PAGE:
Date of Graduation


Document Type


Degree Name

Doctor of Philosophy in Business Administration (PhD)

Degree Level



Supply Chain Management


John Aloysius

Committee Member

Christian Hofer

Second Committee Member

Nada Sanders

Third Committee Member

Enno Siemsen

Fourth Committee Member

Brent D. Williams


Behavioral Experiment, Demand Planning, Field Study, Human Judgment, Machine Learning, Supply Chain Analytics


Big-data, analytics, automation, and machine learning are changing the role of managers in supply chain and operations functions. Extant research indicates that effective value creation by analytics is achieved through careful attention to three components: technology, people, and processes. As such, the purpose of my dissertation is to improve the integration of people in current supply chain and operations management systems with ever-changing technologies and processes. I focus on one critical function—demand planning—since it is increasingly influenced by predictive analytics yet can still require human judgment. My dissertation is comprised of three essays as follow.

In Essay 1, I implement an experiment to compare existing methods of human-machine integration with two new machine learning methods. The machine learning methods of integration are classified as supervised machine learning and allow the machine learning algorithm to utilize human judgment inputs to train the model. The findings suggest that while human judgment provides a significant benefit, not all methods of integration are equal. The results indicate that the two new machine learning methods of integration that I propose are the most effective forms of integration vis-à-vis other methods commonly used in practice and studied in the academic literature.

Essay 2 consists of a field study at a large, multinational firm, testing the two machine learning methods of integration introduced in Essay 1—interactive machine learning (IML) and human guided machine learning (HGML). Analyzing the results of over three million datapoints across five product categories reveals that demand forecasts using an appropriate process to integrate machine learning and human judgment — IML and HGML — provide a significant benefit to demand planning.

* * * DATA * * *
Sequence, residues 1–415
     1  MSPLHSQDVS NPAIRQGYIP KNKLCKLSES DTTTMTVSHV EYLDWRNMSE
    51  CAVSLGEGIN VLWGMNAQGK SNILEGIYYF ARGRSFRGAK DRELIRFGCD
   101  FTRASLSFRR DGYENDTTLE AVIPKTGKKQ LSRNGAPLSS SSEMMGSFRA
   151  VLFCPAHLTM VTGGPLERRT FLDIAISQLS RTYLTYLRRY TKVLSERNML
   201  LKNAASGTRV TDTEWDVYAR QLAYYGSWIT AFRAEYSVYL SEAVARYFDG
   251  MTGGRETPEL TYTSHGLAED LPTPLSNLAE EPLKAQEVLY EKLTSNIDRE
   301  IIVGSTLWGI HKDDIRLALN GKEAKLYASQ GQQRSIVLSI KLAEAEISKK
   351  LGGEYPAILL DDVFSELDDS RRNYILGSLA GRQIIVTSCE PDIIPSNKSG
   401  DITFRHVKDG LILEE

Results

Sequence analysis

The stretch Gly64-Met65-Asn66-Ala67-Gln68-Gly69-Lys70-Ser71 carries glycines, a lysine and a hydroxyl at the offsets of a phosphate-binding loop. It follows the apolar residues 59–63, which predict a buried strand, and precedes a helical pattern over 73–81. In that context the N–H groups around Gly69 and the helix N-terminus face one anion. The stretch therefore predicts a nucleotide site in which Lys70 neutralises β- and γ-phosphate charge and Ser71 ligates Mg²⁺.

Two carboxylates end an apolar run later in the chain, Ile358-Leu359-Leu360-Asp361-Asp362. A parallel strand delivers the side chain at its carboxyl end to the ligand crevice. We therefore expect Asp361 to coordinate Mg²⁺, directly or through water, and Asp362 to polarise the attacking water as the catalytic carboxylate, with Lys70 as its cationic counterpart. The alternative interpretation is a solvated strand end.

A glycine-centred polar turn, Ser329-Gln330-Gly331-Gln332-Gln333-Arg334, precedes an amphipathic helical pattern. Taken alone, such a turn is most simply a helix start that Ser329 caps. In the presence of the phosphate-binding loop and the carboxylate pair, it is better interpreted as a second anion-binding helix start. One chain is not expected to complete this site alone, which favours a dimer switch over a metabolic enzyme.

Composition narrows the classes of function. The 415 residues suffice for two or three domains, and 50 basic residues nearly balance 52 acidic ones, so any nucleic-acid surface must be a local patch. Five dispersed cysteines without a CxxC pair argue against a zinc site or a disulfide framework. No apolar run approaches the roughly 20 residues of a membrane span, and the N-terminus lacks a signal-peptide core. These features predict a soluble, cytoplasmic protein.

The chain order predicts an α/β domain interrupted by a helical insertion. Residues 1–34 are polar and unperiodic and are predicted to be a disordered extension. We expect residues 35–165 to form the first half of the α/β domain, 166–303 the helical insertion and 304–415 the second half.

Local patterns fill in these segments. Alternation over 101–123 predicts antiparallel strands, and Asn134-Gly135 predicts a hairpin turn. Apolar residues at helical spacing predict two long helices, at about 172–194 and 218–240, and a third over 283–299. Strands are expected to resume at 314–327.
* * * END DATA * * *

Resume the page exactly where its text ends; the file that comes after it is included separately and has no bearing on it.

In Essay 3, I study the behavioral mechanisms driving analytics use. Utilizing a multi-theoretical lens combining Adaptive Character of Thought (ACT) theory and dual process theory, I develop, and test, interventions embedded in training aimed at changing behavior and improving performance. The experiment tests the trainings on two types of demand planning tasks: 1) forecasting using IML (classified as a high-level processing task) and 2) forecasting using HGML (classified as a low-level processing task). Results of an experiment reveal declarative knowledge alone changes behavior and improves predictive performance for low-level processing tasks. In contrast, high-level processing tasks benefit from analytical thinking paired with declarative knowledge in training.

This dissertation contributes to the literature on behavioral supply chain and operations management, specifically with reference to human judgment and predictive supply chain analytics. The three overarching contributions are: 1) A comprehensive study testing the efficacy of integrating human judgment and model-based analytics when humans have contextual information unavailable to the model; 2) A first empirical behavioral study of the integration of human judgment with machine learning, that introduces HGML and IML to the behavioral operations and supply chain literature; and 3) An investigation of behavioral interventions that improve predictive analytic processes, using both theories of ACT and dual process theory. In practice, my findings provide operations and supply chain managers with guidance as to when and how human judgment should be integrated with analytics.